For atherosclerosis patients who experience a wide range of side effects to cholesterol-lowering drugs, an alternate option would be life-changing. Although stemming from less than normal means, scientists from the University of Bonn have spent the last six years developing just the right alternate option.
Atherosclerosis is a form of heart disease where plaque buildup inside of the blood vessels limits the heart’s ability to pump oxygen and nutrients through the blood to the body’s tissues. Plaque is made up of fat, cholesterol, calcium, and other components that can come from a person’s diet (National Heart, Lung, and Blood Institute
Current drugs for lowering cholesterol to treat atherosclerosis include statins, cholesterol absorption inhibitors, resins, and lipid-lowering therapies (American Heart Association
). These drugs work in different way to reduce the amount of cholesterol clogging the blood vessels during atherosclerosis. For example, statins work by preventing formation of cholesterol in the liver.
A rare disease affecting twin females involved inhibiting their cells’ ability to remove cholesterol. In 2010, their mother pondered whether the drugs used to treat their condition, which cleared cholesterol crystals from cells, would be applicable to heart disease. Scientists from the University of Bonn were equally curious after the theory was brought to their attention, and the soon-to-be six-year study began.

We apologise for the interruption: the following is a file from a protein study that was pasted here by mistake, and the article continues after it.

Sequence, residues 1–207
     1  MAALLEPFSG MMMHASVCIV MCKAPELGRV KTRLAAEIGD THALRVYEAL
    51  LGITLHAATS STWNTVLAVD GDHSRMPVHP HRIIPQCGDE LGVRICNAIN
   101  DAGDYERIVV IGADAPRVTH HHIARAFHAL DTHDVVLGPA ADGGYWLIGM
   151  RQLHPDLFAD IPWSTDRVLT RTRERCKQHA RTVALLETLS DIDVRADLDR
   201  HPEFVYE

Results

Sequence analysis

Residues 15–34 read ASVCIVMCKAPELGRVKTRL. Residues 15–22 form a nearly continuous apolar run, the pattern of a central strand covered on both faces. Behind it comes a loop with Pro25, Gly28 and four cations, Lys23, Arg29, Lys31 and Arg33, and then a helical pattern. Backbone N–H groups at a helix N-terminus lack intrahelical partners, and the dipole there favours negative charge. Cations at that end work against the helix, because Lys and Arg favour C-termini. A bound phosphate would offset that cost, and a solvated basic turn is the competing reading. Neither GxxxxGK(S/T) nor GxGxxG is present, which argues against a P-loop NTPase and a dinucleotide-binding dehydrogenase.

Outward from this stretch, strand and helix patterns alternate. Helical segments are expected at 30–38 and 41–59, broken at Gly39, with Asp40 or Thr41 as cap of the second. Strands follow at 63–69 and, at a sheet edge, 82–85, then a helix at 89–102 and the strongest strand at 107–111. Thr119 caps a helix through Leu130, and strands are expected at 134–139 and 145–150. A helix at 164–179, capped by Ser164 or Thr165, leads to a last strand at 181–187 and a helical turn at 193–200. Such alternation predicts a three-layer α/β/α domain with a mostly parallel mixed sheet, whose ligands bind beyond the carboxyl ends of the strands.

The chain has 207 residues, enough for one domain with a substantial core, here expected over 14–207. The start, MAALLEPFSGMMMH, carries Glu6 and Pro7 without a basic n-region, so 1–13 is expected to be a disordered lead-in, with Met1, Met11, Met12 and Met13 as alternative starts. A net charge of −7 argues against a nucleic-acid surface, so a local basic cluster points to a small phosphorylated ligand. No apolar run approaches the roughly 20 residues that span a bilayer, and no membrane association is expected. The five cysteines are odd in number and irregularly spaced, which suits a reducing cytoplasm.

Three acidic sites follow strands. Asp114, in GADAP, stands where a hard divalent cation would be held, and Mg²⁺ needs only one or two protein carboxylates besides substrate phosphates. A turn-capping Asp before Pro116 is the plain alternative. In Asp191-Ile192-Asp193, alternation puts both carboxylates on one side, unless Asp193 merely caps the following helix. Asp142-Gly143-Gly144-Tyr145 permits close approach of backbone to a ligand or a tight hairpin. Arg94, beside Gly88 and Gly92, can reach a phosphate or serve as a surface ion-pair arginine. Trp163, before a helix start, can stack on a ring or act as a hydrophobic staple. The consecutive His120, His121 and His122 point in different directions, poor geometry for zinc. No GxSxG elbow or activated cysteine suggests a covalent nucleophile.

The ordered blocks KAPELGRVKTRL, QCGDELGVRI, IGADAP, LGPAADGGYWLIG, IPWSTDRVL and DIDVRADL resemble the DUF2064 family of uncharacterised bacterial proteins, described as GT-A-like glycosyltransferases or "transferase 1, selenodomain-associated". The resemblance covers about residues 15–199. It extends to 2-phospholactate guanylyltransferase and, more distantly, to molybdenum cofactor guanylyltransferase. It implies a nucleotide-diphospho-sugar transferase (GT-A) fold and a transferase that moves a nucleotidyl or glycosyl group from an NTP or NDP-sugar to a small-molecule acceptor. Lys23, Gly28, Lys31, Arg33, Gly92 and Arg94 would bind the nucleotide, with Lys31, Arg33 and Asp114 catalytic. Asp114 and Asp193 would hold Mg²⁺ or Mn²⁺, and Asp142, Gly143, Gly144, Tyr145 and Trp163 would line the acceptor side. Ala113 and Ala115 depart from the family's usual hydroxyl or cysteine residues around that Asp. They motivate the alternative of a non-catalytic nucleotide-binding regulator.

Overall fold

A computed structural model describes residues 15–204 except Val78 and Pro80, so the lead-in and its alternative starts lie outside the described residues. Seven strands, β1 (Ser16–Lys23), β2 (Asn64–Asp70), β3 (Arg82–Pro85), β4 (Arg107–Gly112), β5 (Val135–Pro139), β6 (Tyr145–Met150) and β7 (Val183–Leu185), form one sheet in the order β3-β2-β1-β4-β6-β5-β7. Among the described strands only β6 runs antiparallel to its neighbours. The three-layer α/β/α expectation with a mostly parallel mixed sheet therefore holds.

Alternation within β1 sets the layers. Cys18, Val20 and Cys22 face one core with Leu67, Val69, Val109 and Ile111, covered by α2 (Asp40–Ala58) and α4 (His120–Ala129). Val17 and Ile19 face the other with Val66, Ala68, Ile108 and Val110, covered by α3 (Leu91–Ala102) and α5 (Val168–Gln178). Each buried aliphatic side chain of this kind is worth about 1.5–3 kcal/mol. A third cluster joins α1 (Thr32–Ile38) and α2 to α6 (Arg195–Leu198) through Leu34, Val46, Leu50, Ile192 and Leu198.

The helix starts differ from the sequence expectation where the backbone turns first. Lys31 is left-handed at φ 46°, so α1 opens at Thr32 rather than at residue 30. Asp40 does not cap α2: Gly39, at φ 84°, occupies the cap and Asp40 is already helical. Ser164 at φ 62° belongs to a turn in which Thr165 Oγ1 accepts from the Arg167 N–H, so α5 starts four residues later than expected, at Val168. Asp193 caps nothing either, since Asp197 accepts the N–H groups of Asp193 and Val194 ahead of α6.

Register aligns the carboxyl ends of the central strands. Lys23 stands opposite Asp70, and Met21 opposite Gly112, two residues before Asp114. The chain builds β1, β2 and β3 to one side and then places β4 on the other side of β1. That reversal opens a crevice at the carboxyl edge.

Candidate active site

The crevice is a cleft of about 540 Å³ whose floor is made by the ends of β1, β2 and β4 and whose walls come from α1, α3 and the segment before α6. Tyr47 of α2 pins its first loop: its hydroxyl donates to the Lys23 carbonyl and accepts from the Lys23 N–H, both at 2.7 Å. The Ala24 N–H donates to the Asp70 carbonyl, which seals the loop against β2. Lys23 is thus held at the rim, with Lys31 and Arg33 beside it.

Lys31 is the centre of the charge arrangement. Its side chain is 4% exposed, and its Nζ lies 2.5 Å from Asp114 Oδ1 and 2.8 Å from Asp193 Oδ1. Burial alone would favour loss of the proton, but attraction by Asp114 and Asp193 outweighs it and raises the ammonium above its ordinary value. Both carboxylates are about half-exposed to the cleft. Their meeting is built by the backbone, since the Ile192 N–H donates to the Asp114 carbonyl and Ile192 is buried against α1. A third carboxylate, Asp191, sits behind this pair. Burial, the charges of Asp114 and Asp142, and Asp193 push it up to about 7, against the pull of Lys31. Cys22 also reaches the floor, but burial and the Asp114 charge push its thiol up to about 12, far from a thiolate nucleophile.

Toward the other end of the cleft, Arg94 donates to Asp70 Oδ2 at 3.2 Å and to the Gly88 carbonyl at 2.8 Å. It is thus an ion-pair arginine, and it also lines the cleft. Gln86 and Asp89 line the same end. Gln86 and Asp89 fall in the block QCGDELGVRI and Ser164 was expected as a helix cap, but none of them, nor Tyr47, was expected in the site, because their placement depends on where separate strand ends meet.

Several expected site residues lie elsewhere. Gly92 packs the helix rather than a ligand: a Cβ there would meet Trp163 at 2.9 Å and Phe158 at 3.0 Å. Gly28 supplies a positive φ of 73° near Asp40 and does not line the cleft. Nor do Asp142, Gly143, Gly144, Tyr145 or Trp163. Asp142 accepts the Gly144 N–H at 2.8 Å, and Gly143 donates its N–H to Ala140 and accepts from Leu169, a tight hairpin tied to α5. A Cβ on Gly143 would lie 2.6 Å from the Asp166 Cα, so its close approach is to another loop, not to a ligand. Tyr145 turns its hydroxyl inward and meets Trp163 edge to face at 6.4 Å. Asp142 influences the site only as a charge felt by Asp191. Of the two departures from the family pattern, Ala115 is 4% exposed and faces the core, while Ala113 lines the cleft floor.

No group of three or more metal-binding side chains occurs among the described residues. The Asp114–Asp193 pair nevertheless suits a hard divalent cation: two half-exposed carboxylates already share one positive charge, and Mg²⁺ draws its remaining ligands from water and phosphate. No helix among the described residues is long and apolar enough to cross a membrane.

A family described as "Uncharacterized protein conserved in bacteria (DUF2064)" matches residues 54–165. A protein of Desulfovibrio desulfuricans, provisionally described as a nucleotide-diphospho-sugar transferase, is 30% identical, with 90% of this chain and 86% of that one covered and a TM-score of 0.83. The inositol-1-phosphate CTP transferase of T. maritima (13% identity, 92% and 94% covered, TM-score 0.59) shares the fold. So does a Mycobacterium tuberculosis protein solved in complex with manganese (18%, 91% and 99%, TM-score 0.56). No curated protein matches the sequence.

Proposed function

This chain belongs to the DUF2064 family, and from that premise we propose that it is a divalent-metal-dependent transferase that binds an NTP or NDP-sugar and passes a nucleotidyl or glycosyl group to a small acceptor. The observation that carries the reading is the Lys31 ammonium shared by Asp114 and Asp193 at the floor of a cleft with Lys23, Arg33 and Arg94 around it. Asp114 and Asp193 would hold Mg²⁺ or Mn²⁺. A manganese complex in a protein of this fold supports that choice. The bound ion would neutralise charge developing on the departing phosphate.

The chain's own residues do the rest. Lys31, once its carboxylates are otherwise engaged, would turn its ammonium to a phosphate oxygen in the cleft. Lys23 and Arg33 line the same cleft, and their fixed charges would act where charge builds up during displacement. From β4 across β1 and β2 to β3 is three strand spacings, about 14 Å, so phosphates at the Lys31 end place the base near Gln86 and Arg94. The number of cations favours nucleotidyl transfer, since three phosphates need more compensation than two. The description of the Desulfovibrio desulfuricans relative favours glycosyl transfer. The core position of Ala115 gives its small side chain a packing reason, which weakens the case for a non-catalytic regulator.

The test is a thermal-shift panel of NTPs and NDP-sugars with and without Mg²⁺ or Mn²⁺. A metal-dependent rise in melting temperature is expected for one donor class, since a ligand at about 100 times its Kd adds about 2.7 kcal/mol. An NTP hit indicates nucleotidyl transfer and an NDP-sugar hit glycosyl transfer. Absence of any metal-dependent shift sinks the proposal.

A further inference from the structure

With the study finally completed and published in Science Translational Medicine,
scientists now introduce a drug called cyclodextrin, fresh from both mice and human tissue studies.
Cyclodextrin works by dissolving cholesterol crystals so they can more easily be removed by the body, plus the drug reduces the inflammatory response mounted by the immune system to reduce inflammation surrounding blood vessel walls.
Mice were fed a cholesterol-rich diet before receiving experimental cyclodextrin, and the drug both prevented future plaque formation as well as reduced existing plaque. Similarly, in human tissue, plaque biopsies obtained from human carotid arteries, researchers saw the removal of cholesterol as well as a “reprogramming” of macrophages to lessen their response to inflammation. With some macrophage activity freed up, these immune cells were able to contribute to the cause by picking up and ridding the vessels of cholesterol.
Next up? Funding for clinical trials in humans. Researchers from the University of Bonn are hopeful that cyclodextrin could be the next cholesterol-reducing drug on the market, producing fewer and less severe side effects than other medications.
Source: The Norwegian University of Science and Technology